Well the Badgers lost last night, and it was a heart-breaker. But it was also a great basketball game. So much to learn, even in a loss. Which leads me to another interesting topic.
In tech, we seem to never talk about our mistakes. But we should. Not only because we keep making them, but we keep making them worse and worse.
I wonder what would have happened if tech had evolved differently. What if instead of Apple adopting Hypercard as the future though it ignored almost everything that was good about the Mac, what if they had embraced something radically different, like Turbo Pascal. And what if networking on the Mac platform had been as easy as HTTP, five years before. We could have had both graphic operating systems and networking emanating from the same place of simplicity. Then a novice programmer would be presented a development environment where Hello World was as simple as typing writeline ("hello world") instead of the mess that of today's stack..
Today a beginning coder has to deal with a programming environment with three different incompatible languages with very different styles. Why? No one really thought about it. We didn't use the best ingredients we had at the time, for some reason. Why isn't QuickDraw part of the full-stack developers toolkit? Why did we throw that know-how out? And can we avoid doing that in the future?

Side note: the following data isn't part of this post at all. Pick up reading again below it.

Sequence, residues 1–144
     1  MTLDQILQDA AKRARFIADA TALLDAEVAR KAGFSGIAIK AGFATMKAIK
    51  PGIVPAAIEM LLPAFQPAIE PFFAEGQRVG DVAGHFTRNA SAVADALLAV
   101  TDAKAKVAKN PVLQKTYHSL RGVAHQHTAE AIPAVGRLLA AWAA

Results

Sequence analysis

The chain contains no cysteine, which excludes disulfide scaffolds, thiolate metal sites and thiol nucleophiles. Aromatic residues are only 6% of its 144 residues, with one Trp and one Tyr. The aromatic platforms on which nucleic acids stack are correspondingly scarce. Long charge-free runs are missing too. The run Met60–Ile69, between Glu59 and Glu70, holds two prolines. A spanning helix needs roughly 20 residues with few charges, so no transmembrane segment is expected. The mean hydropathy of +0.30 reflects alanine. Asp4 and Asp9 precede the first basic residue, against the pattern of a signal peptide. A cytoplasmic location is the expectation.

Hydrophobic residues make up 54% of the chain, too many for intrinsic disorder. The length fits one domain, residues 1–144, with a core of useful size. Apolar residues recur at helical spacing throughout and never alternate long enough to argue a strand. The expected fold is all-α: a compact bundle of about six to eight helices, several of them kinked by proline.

We never get dug in on a platform for long enough to actually fix the annoyances. Before that happens the pavement has been ripped up and the streets run in different places and directions, and the buildings we were using to store our data are cut off from the grid.
Back to basketball, it's as every class of one and done freshmen were running the NCAA instead of 40-year coaches. We in tech, in an art that matters from an economic and societal standpoint, it's everything we build around, we throw out what we've learned every decade or so. And start over. That's a scandal. We don't talk about it because.. why??
Probably because no one cares as long as we're creating a few billionaires every year, it must all be working, right?
Hah. No it's not.
PS: You see this happening today as some podcasts forget to publish RSS feeds with enclosures. Most still do. We should encourage them to stick with it, because this is a good thing from stacks-of-the-past.